As I was saying, I pray Dear God, and sometimes even make it to "thanks for today,” which reminds me of the day. There’s a fella I’m meeting for lunch, and and dang if I don't have to review his contract before we break bread. I consider whether I’ve emailed him, or whether he responded to my email. I consider taking a note of the thought so I don’t forget it, but I’m in the middle of prayer, and prayers should not be interrupted by people. It's only this: they frequently are.

I course correct, drag myself back to the prayer I was praying. I was praying, right? Maybe not. At which point I often shame myself for the inability to add up words of thanks, or praise, or confession, or any old thing. Shame, shame, shame. Shouldn’t I be better at this prayer stuff? I’ve only been practicing it since I was six. But prayer isn't an instant existential transcendental spiritual experience for me. Some days, prayer feels something akin to carrying water uphill while wearing ankle weights, and pushing a wheelbarrow full of rocks, and searching my memory for that lost line of E.E. Cummings’s poem, “Next to of Course God America."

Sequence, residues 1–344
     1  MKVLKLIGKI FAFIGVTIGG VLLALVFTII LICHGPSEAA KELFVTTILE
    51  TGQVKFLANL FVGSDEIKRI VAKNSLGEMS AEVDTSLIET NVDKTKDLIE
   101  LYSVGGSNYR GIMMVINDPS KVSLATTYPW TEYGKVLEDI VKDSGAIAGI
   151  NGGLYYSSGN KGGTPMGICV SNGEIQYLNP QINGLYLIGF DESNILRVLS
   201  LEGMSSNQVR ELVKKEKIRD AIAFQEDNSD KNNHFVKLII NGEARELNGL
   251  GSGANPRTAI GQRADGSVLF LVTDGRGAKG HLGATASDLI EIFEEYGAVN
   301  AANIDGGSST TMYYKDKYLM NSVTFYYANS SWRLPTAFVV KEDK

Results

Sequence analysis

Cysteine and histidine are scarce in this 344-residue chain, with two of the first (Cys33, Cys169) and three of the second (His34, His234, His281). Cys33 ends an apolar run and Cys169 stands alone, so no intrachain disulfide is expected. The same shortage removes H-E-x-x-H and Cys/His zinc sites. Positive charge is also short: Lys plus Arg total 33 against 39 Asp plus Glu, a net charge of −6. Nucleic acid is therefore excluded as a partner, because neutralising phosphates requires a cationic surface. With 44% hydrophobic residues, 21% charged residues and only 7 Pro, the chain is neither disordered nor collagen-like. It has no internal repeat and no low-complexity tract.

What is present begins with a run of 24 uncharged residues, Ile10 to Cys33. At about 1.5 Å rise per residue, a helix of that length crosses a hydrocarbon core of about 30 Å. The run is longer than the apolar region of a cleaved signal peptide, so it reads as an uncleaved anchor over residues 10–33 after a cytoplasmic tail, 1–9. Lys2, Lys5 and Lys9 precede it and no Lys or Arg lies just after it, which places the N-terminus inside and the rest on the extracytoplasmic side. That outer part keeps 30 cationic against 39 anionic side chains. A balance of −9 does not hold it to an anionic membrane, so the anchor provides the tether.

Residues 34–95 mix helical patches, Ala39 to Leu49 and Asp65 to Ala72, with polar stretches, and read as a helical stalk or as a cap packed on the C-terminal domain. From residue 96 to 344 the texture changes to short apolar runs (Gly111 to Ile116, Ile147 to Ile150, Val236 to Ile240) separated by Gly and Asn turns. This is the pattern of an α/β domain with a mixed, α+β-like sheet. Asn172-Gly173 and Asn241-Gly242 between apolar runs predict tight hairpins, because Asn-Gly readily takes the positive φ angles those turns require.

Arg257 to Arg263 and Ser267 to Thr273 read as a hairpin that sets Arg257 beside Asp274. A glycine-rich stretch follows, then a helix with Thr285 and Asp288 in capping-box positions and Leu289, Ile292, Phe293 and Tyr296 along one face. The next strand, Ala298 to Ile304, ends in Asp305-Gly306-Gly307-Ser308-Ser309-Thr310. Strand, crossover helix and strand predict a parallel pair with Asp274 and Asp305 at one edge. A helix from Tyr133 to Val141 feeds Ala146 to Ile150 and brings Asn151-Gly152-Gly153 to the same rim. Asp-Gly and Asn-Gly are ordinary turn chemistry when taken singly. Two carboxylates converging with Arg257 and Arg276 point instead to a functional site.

This is the point (I think): so often, my ability to communicate with and in God is thrown askew by the silliest things. It’s all crickets, fantastical canine recovery programs, and to-do lists. There’s clutter in the noggin, and it gets in the way of cogent, prayerful thought. And what is sobriety if it’s not the ability to engage in unhindered communication with God, even the simplest of communications?

If I’m honest, and sometimes I try to be, I’d admit that it’s sometimes easier to white knuckle through alcohol cravings than it is to have the sobriety of spirit that creates an unhindered connection with God. Maybe you know this, too? Is it easier to cruise Amazon or the dancing naked pixels and one-click your way out of depression than it is to communicate simple prayers? Is it easy to white knuckle your way out of addiction than to pray, God help? I wonder whether these are the different sides of the same coin called un-sober.